I’m not sure how a Jewish woman from Ukraine became expert in making Scottish Shortbread in New York, but my grandmother was an unusual woman capable of all sorts of extraordinary things. To me this shortbread is an example of her willingness to embrace the foods of her adopted country. My paternal grandmother loved to cook a wide range of foods, most of which she had never heard of until she came to the U.S. She was an avid reader of the New York Times, especially the Food Section. When my grandmother died in 1968 she had instilled in my father a love for cooking and an enthusiasm for culinary experimentation. She also left us a treasure trove of recipes. This is one. The recipe is dated 1958 in her handwriting.
- 2 lbs. flour (sifted before weighing)
- 1 lb. sweet butter
- ½ lb. sugar
- 12-oz bittersweet or semi-sweet chocolate (optional)
Preheat oven to 275 degrees.
Let butter sit out briefly, but do not let it get too soft. Mix the flour and sugar together in a large mixing bowl with a whisk. Cut the butter into the flour and sugar mixture with a hand pastry blender until it is well mixed and crumbly and particles begin to clump together. This is no easy task and takes a considerable amount of upper body strength combined with patience and a glass of chardonnay. It takes a good 15 minutes to get to the crumbly stage, longer if you’ve had more than one glass of wine.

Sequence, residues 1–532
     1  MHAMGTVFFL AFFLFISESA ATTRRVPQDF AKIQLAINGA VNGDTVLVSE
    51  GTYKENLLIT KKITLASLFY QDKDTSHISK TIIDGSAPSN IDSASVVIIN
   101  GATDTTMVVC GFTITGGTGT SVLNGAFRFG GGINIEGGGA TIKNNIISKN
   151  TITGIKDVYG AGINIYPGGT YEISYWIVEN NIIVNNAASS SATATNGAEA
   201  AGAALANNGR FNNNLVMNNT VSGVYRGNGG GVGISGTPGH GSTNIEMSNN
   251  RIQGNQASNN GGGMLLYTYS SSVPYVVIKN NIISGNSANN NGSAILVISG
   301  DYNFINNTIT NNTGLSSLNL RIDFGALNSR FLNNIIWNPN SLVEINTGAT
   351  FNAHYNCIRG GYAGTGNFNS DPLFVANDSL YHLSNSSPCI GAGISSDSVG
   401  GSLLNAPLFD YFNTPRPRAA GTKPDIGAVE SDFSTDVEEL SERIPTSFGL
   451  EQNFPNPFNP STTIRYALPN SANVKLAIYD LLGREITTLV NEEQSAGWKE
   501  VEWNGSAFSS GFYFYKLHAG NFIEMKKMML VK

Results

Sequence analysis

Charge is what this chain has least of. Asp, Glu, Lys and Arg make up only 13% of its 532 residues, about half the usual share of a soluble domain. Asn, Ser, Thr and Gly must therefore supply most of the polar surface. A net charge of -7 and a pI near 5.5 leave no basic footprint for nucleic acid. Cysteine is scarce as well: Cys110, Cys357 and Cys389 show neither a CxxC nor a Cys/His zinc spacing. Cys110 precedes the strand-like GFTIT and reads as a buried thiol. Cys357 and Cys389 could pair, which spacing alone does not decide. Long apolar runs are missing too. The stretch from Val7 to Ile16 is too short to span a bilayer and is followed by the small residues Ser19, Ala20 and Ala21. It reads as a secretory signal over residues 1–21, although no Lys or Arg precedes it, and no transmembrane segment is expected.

Pat the mixture into a half-size sheet pan (a sheet pan is a cookie sheet with low sides and a half-size sheet pan refers to one that is 18×13) until the mixture is packed, but not too firmly. My grandmother’s notes say to, “Prick with a fork for a nice pattern.” I tried my best to do this – and completely failed. My cookies still looked great but they were completely devoid of nicely patterned prick marks. I hope you have better luck.
Bake for 60-70 minutes. Mine did not brown in that length of time – they were cooked through and nicely crisp once they cooled. Cut them into squares or rectangles while still warm. Cool on waxed paper. Store in a container with tight fitting lid.
If you decide you want chocolate dipped shortbread (it should be noted that I’d dip my children in chocolate if it was socially acceptable) line a baking sheet with clean parchment or wax paper. In a double boiler melt 12-oz of best quality bittersweet or semi-sweet chocolate (whatever you prefer). Stir constantly until melted and smooth. Remove from heat. Dip each cookie halfway into chocolate, let excess drip off, and place the dipped cookies on the baking sheet. Let them stand until the chocolate is set, or you can stand it no longer, about 2 hours. Store in an airtight container at room temperature. These cookies are totally gorgeous and would make great holiday gifts if I were willing to part with any.